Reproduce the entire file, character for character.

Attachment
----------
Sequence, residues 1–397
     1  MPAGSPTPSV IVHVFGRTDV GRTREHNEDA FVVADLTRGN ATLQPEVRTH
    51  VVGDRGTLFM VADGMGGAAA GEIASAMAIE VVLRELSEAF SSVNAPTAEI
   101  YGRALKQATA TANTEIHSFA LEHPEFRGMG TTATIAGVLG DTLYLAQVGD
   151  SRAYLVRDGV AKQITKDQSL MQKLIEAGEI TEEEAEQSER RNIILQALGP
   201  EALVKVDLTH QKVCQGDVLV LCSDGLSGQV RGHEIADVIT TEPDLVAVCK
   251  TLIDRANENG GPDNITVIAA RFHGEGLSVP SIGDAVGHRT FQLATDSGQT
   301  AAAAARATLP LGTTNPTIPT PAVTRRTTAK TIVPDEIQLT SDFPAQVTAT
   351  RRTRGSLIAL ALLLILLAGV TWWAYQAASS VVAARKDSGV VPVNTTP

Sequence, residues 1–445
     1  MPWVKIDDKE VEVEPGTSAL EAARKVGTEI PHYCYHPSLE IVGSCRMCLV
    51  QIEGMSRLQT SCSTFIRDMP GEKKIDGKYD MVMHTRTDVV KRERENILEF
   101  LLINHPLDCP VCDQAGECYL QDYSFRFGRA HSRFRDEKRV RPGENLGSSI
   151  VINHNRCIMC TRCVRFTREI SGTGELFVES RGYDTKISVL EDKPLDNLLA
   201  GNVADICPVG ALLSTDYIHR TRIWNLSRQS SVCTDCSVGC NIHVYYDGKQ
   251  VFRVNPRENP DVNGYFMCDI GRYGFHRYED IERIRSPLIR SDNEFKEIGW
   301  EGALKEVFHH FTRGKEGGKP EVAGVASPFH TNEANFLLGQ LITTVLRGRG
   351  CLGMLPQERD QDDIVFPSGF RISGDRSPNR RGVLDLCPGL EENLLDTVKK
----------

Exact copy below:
Sequence, residues 1–397
     1  MPAGSPTPSV IVHVFGRTDV GRTREHNEDA FVVADLTRGN ATLQPEVRTH
    51  VVGDRGTLFM VADGMGGAAA GEIASAMAIE VVLRELSEAF SSVNAPTAEI
   101  YGRALKQATA TANTEIHSFA LEHPEFRGMG TTATIAGVLG DTLYLAQVGD
   151  SRAYLVRDGV AKQITKDQSL MQKLIEAGEI TEEEAEQSER RNIILQALGP
   201  EALVKVDLTH QKVCQGDVLV LCSDGLSGQV RGHEIADVIT TEPDLVAVCK
   251  TLIDRANENG GPDNITVIAA RFHGEGLSVP SIGDAVGHRT FQLATDSGQT
   301  AAAAARATLP LGTTNPTIPT PAVTRRTTAK TIVPDEIQLT SDFPAQVTAT
   351  RRTRGSLIAL ALLLILLAGV TWWAYQAASS VVAARKDSGV VPVNTTP

Sequence, residues 1–445
     1  MPWVKIDDKE VEVEPGTSAL EAARKVGTEI PHYCYHPSLE IVGSCRMCLV
    51  QIEGMSRLQT SCSTFIRDMP GEKKIDGKYD MVMHTRTDVV KRERENILEF
   101  LLINHPLDCP VCDQAGECYL QDYSFRFGRA HSRFRDEKRV RPGENLGSSI
   151  VINHNRCIMC TRCVRFTREI SGTGELFVES RGYDTKISVL EDKPLDNLLA
   201  GNVADICPVG ALLSTDYIHR TRIWNLSRQS SVCTDCSVGC NIHVYYDGKQ
   251  VFRVNPRENP DVNGYFMCDI GRYGFHRYED IERIRSPLIR SDNEFKEIGW
   301  EGALKEVFHH FTRGKEGGKP EVAGVASPFH TNEANFLLGQ LITTVLRGRG
   351  CLGMLPQERD QDDIVFPSGF RISGDRSPNR RGVLDLCPGL EENLLDTVKK